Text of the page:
By Javier Diez-Aguirre ‑ April 17, 2019
With the recent case of Lego's IP theft case against Longjun Toys, SVP Javier Diez-Aguirre investigates the value of protecting IP portfolios from copycat brands.
In 2018, the US estimated Chinese IP theft had reduced corporate earnings in the United States by $50 billion. Recently, globally renowned toymaker Lego was at the receiving end of IP theft when it discovered Chinese company Longjun Toys was producing a range of brick-based toys that bore more than a passing resemblance to its own iconic product range.
Taking its case to the UK’s Intellectual Property Office (IPO), Lego argued the toys – with the brand name ‘Lepin’ - were likely to confuse consumers who, due to the extreme similarity of the products, logo and packaging, would assume they were a Chinese version produced by Lego itself.
In an unusual line of defence, Lepin asked Lego to prove its own trademark dominance – something easily accomplished with the submission of five years of impressive sales figures.
Presented with clear-cut examples of copycat construction toys, the IPO agreed that Lepin’s mark was likely to confuse and it was cancelled.
China is no stranger to product and brand imitation. It is common to see items bearing names closely resembling international brand equivalents in the country, with imitations such as “HiPhone”, “NKIE” and “Adidos” found on the highstreets.
The fallout from a propensity to imitate is not just legal and financial, but political too. President Donald Trump has made the protection of US intellectual property a pivotal issue in his ongoing trade negotiations with China as US officials calculate the cost of IP theft could be as high as $600 billion.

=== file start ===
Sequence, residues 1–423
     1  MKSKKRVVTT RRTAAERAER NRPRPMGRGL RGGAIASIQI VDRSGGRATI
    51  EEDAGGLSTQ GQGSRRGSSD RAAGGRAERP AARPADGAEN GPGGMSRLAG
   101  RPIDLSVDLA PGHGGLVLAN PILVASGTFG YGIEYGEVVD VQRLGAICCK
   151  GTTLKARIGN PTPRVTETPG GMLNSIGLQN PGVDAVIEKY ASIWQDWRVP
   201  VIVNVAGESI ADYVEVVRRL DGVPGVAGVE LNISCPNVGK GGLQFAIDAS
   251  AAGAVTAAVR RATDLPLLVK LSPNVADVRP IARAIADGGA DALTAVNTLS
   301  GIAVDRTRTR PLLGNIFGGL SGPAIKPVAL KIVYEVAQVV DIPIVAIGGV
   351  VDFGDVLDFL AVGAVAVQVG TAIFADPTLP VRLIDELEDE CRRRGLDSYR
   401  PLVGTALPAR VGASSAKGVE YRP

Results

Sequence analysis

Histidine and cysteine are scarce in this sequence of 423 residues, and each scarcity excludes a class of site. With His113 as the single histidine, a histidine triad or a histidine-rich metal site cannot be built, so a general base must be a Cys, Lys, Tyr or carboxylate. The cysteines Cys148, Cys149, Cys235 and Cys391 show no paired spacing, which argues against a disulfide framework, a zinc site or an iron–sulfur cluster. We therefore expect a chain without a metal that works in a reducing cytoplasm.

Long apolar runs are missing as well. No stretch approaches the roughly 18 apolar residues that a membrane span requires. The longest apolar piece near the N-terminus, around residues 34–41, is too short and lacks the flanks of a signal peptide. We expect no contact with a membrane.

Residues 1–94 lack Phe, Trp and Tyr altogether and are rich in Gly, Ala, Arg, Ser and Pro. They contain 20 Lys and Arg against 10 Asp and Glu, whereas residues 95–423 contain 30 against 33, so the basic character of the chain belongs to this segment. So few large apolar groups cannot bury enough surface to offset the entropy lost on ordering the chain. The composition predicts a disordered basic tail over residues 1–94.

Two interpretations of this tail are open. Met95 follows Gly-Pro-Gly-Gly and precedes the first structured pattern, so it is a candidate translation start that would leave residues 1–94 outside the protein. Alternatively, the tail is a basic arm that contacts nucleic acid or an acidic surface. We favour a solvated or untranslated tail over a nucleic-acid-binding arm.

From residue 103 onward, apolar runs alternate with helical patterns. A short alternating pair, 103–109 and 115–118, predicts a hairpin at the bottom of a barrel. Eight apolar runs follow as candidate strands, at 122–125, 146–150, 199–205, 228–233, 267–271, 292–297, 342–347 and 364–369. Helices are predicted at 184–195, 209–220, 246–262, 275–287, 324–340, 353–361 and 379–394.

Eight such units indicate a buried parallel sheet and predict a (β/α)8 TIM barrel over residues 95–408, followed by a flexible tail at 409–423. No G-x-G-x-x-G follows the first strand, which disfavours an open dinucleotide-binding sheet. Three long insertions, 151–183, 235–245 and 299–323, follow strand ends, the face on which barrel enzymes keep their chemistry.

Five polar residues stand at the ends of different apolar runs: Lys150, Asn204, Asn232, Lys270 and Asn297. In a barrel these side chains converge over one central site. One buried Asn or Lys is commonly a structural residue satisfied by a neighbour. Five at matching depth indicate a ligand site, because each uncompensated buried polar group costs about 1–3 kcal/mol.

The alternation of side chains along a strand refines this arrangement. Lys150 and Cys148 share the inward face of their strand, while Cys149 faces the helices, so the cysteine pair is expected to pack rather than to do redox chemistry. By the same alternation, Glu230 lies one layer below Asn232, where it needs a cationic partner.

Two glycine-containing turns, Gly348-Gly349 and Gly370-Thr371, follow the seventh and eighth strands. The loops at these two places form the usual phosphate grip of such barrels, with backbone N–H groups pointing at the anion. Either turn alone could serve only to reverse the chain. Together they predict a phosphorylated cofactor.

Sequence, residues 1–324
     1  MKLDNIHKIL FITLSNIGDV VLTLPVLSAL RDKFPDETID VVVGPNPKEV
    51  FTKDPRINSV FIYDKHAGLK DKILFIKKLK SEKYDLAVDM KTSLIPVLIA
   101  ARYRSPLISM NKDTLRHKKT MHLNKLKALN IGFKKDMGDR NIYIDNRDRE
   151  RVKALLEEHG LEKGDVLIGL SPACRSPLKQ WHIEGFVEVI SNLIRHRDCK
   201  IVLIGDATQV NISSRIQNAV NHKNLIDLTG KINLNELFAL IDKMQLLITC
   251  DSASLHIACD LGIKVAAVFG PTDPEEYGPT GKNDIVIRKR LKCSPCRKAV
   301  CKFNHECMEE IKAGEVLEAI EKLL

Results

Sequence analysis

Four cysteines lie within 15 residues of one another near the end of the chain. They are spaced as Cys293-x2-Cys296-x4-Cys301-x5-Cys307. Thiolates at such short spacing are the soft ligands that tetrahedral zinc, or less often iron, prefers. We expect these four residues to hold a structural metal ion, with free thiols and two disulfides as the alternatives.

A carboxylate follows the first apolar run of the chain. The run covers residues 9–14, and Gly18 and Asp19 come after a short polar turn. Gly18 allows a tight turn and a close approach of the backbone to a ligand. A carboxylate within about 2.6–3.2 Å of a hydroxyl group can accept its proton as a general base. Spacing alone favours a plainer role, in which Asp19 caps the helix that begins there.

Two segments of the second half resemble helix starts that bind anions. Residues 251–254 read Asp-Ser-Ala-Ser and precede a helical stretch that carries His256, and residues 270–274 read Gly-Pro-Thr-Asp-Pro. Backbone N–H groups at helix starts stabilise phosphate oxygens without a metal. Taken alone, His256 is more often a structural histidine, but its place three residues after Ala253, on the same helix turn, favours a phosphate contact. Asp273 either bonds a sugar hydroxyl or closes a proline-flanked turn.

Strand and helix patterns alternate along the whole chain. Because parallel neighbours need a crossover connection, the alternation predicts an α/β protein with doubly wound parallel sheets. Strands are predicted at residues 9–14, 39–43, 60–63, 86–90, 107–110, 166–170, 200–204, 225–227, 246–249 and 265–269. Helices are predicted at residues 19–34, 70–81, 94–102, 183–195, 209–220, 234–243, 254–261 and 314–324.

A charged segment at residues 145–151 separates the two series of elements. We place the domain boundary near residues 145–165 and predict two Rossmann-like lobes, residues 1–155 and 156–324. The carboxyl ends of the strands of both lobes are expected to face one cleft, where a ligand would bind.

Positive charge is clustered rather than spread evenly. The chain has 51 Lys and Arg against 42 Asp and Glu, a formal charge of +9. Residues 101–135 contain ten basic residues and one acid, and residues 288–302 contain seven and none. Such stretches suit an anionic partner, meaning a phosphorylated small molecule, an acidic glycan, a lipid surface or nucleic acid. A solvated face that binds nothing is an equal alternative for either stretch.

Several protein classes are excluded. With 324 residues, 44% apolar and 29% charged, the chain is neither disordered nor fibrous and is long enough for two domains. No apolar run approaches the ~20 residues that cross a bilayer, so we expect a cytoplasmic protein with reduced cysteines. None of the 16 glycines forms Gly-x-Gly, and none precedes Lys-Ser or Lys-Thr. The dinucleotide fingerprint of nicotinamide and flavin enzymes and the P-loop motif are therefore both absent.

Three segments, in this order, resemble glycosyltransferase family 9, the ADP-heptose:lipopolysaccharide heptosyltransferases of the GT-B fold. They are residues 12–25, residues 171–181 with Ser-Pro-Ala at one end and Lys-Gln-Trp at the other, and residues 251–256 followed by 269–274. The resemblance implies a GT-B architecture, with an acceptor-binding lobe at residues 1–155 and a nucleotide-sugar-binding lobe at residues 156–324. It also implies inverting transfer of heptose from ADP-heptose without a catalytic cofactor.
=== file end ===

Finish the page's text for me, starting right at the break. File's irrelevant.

Despite the country’s chequered history around respecting IP rights, Chinese authorities have come to recognise the central role it plays in fostering open innovation. There are now signs that the region is getting more serious about rights protection.
Today, the State Intellectual Property Office (SIPO) of the People’s Republic of China is the busiest in the world as President Xi Jinping’s “Made in China 2025” initiative aims to transform China into an innovation powerhouse. Entrepreneurs are encouraged to register their work so the country can build a portfolio of intellectual property on which to base its economic expansion.
Further advancing the framework for IP rights, the Chinese National Intellectual Property Administration (CNIPA) recently announced it was cutting patent and trademark review times and strengthening IP protection, including increased penalties for infringements.
As China continues to face international pressure to crack down on IP theft and recognises the importance of protecting its own valuable IP assets from infringements, the country’s approach will need to continue to evolve towards respect for the IP rights of others.
The value of an IP portfolio must be protected from erosion by copycat brands.
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